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A Night Too Dark: A Kate Shugak Novel (Kate Shugak Novels) Hardcover – February 16, 2010

4.5 out of 5 stars 103 customer reviews
Book 17 of 21 in the Kate Shugak Novels Series

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Editorial Reviews

From Publishers Weekly

Bestseller Stabenow deftly explores the environmental and economic impact of gold mining in her sizzling 17th novel to feature Alaska PI Kate Shugak (after 2009's Whisper to the Blood). Global Harvest Resources is intent on opening the Suulutaq Mine, where substantial deposits of gold, copper, and molybdenum have been found on state leases in the middle of the Iqaluk Wildlife Refuge, 50 miles from Niniltna. When Kate, chair of the board of directors of the Niniltna Native Association, and state trooper Jim Chopin find bear-eaten human remains near the truck of Global Harvest roustabout Dewayne A. Gammons, they assume the remains are Gammons's. After all, there was a suicide note in Gammons's truck. Weeks later, a wounded and nearly catatonic Gammons emerges from the woods near Kate's homestead. More puzzles—and murder—follow. An uneasy resolution to the crimes suggests further drama ahead for Kate and her fellow Park rats. Author tour. (Feb.)
Copyright © Reed Business Information, a division of Reed Elsevier Inc. All rights reserved.

From Booklist

This long-running series, which began in 1992 with the Edgar Award–winning A Cold Day for Murder, shows small signs of weariness in the eighteenth installment. The story begins with a man going missing and, later, his body being found. Then, later still, the dead man turns up alive, leading Kate Shugak and Alaskan state trooper Jim Chopin to wonder: Just who did that body belong to, anyway? While the characters are as engaging as always, and Stabenow’s writing just as sprightly, the book feels a bit lethargic. There are large chunks where nothing much happens—for example, the body isn’t discovered until nearly a third of the way through the book, and it’s a good while before the “missing” man turns up alive. A leisurely pace is one thing, but some readers might find that this one meanders a little too much. On the other hand, fans of Murder, She Wrote–style mysteries (lengthy introductions of character and plot setup, relatively speedy resolution) will have no problems, and longtime fans will be pleased to spend more time with the always appealing Shugak. --David Pitt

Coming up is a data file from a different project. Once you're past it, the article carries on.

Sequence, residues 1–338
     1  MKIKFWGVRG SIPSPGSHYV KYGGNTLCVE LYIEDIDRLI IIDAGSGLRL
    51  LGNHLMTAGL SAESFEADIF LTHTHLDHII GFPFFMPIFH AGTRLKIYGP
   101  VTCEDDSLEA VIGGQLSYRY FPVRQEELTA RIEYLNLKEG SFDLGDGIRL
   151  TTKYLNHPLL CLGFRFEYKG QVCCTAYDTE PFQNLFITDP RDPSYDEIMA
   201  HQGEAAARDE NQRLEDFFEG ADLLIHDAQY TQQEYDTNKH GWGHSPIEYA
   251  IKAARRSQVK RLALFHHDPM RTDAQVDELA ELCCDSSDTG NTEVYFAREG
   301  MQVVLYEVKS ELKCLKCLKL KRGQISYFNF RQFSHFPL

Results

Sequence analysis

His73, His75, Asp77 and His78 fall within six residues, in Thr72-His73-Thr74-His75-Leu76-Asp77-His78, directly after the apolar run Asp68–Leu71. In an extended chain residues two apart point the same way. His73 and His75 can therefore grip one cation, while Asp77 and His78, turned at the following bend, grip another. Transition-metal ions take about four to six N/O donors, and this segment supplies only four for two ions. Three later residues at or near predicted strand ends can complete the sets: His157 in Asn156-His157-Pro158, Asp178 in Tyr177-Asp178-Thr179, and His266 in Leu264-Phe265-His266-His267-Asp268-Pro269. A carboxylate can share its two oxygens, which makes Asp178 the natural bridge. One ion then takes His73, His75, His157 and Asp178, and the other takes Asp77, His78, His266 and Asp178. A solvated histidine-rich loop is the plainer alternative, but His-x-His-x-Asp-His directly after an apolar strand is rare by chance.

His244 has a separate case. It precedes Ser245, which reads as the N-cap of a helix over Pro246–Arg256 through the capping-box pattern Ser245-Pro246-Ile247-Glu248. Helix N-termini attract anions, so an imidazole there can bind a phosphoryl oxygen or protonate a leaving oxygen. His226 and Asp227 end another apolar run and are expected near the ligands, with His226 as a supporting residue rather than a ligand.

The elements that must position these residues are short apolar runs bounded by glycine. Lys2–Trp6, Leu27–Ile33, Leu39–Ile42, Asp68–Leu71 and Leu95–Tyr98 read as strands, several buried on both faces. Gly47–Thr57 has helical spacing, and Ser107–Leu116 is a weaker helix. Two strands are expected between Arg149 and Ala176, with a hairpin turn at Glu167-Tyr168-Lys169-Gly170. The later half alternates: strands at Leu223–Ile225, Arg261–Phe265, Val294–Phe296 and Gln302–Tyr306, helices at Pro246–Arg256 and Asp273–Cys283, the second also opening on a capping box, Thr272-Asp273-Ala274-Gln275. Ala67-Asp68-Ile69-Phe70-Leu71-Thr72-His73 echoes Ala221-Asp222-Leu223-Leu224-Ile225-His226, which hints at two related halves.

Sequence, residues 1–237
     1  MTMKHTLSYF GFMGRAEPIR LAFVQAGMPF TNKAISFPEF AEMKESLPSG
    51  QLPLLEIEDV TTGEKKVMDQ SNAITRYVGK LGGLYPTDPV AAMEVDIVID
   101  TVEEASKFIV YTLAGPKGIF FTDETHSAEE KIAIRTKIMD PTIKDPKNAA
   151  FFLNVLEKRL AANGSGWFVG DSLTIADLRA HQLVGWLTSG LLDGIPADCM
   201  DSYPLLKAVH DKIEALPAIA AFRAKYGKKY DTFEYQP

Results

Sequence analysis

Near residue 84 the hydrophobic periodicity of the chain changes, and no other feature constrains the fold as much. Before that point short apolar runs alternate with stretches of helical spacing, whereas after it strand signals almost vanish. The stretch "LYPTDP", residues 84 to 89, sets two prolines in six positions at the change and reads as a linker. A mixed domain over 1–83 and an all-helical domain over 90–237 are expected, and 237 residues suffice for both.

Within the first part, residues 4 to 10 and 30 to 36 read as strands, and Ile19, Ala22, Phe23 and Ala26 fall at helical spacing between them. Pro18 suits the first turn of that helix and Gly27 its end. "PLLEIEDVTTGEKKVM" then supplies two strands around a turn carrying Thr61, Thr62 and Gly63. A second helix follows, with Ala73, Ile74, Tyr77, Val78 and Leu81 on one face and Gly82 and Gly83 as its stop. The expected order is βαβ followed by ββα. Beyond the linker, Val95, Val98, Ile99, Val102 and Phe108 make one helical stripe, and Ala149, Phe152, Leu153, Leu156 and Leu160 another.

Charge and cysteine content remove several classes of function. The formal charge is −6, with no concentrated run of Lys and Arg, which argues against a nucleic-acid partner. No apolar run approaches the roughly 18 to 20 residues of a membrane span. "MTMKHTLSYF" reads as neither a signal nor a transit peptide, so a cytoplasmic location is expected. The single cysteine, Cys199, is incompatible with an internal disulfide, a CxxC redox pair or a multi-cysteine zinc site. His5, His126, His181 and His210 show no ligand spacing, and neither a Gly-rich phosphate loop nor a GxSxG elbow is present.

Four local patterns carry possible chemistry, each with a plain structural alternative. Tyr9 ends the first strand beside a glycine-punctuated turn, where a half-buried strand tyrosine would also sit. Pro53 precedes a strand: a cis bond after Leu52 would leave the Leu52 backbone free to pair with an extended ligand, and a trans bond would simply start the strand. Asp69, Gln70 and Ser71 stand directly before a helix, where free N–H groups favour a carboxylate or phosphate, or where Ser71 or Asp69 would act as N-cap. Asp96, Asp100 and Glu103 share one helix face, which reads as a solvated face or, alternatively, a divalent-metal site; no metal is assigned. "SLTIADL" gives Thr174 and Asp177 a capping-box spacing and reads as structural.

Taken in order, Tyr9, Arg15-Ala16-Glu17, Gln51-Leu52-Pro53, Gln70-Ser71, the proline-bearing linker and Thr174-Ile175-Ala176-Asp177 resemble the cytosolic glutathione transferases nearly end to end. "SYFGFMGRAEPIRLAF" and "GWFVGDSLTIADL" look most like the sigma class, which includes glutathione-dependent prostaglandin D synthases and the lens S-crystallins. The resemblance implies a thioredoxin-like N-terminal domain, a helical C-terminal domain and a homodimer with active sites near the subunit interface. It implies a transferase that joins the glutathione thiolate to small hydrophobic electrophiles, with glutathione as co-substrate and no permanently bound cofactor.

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Product Details

  • Series: Kate Shugak Novels (Book 17)
  • Hardcover: 336 pages
  • Publisher: Minotaur Books; First Edition edition (February 16, 2010)
  • Language: English
  • ISBN-10: 0312559097
  • ISBN-13: 978-0312559090
  • Product Dimensions: 6.5 x 1.3 x 9.6 inches
  • Shipping Weight: 1.2 pounds
  • Average Customer Review: 4.5 out of 5 stars  See all reviews (103 customer reviews)
  • Amazon Best Sellers Rank: #801,050 in Books (See Top 100 in Books)

Customer Reviews

Top Customer Reviews

By Nash Black VINE VOICE on February 19, 2010
Format: Hardcover
Dana Stabenow takes her fans into the depths of Kate Shugak feelings as Suulutag Gold Mine's money changes the park. Kate knows the mine will bring much needed jobs to the park rats and the native shareholders, but at what costs?
The changes are brought home to her when Auntie Vi sells her bed and breakfast, when people start disappearing, when Trooper Jim's work load increases until he doesn't make it home for several nights in a row, Bobby Clark begins to fly the mail route, and Johnny is growing up enough to take a summer job at the mine.
Kate doesn't want the change, but as head of the Native Association she knows it is inevitable. It's almost a relief when she and Ole Sam discover a half-eaten body that leaves a question was this a suicide or was it murder? Violent death is easier for Kate to get a handle on.
This is not Stabenow's best in this series, but transition novels in a powerful series are difficult for both the writer and the reader. Change doesn't come any easier for a fan as it does for Kate, but a fantastic conclusion will keeps us begging for the next addition.
Nash Black, author of Indie finalist WRITING AS A SMALL BUSINESS and HAINTS.
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Format: Hardcover
First Sentence: Gold.